These policies aren’t without results. iNews teacher Ms. Mangano has reported an increase in productivity since she’s been stricter with phone usage in her class. Several students, including Clarissa Morris, have also noticed more work getting done.

However, the intention of these policies aren’t getting through to some students, according to some teachers. 

The ‘repeated offenders’ who are constantly on their phones in class don’t care about the punishment and use their phones anyway because they know they will get it back at the end of the period.

It’s not just Ms. Bailey who has noticed the increase in disruptive behavior amongst high school students since the return to in-person learning. 

According to a Chalkbeat article, social worker “Alyssa Rodriguez expected a rocky readjustment this school year.” 

She was surprised with what the start of the year actually looked like. “‘It’s definitely a lot more than I think any of us were mentally prepared for, even though we tried to prepare for it,” Rodriguez said.

Kids tend not to be very self-aware of their behaviors, and it’s been so bad that many have also noticed the increase in unruly behavior. 

Yeah, lots more [bad behavior]. We didn’t have social interaction for a year,” said Malachi Peters, an iSchool freshman. Worse behavior is inevitable.

He said it’s reasonable for students to be less well-behaved, but he was somewhat surprised when he realized how much regression of maturity he’s noticed in the classroom since he started at the iSchool.

It’s not so much a big event taking places like fights, but an overall disregard for the rules and not taking work seriously. Teachers have been lenient with students, but feel it’s time for them to put their foot down.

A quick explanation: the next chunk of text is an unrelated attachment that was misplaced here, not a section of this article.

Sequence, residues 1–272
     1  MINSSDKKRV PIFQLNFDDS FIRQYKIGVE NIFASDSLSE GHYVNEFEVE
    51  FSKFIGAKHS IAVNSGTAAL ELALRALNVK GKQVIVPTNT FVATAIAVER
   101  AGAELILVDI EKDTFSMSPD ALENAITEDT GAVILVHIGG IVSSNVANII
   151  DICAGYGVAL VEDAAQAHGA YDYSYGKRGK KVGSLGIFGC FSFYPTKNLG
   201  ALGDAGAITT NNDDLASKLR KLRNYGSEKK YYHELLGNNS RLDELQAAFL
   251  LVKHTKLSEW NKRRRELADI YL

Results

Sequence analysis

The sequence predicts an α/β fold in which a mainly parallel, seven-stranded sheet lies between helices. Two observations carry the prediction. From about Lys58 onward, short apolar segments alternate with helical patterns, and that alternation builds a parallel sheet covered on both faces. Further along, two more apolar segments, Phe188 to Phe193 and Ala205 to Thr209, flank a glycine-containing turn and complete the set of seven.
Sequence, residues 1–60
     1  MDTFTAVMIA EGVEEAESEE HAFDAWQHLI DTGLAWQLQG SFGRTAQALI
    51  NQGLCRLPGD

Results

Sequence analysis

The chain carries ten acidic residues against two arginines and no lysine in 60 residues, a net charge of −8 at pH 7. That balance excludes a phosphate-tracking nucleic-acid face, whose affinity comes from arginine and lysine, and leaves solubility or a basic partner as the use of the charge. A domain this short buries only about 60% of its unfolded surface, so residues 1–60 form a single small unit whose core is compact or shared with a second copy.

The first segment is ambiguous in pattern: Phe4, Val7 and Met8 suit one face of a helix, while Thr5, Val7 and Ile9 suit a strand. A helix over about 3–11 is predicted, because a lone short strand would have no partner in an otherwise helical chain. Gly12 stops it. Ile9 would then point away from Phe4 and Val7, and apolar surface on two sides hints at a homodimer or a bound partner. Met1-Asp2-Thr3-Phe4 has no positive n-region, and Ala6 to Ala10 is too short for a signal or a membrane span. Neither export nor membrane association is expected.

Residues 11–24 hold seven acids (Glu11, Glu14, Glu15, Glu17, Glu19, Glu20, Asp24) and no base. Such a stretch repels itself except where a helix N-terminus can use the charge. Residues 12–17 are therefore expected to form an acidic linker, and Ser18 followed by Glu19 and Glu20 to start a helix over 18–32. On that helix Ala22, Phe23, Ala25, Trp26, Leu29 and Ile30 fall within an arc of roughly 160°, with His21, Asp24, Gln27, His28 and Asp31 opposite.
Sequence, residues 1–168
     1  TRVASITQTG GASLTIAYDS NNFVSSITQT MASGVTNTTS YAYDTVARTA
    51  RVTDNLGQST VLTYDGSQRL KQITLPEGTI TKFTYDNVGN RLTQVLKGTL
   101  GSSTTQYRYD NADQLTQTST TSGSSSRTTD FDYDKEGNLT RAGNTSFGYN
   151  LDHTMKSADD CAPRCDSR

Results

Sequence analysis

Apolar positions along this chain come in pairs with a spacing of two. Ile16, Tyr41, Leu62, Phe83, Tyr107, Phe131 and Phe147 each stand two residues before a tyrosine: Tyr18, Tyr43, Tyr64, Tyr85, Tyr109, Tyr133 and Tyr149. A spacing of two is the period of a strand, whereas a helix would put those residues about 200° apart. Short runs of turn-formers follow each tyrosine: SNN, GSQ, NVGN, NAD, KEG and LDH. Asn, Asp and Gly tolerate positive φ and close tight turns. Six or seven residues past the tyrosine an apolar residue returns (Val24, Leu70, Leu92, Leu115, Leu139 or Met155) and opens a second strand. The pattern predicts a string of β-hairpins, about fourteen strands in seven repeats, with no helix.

School computers are used almost every period and quickly run out of power. This is accelerated by students using the computers to charge their phones.

Ms. Bailey believes that there should be no charging of any kind in the open, especially on school computers, which students understand.

Ms. Asher, however, has a slightly different opinion on using computers to charge phones: “Personally if someone has a USB charger and they plug it into the computer and they’re not using their phone then it’s fine but we have to be consistent so there has to be no phone usage across the board.” 

The argument of phone usage in class has been fraught since the beginning, with no end in sight. However, a recent upcoming technology could end this debate.

The charging station. Primarily used on college campuses, they can charge phones and make phone calls. A much simpler version of this could be quite useful in classrooms.

Imagine a rectangular box from the floor to chest height mounted against the wall. It contains an opening with chargers for Android phones, Apple phones, etc. It’s far enough away that neither the student nor the teacher could access it without being seen.

This, according to freshman Stella Kear, could solve the problem teachers and students alike have been struggling to solve: “I do see the problem with lots of students  charging on computers because it drains the battery and teachers don’t really like it.”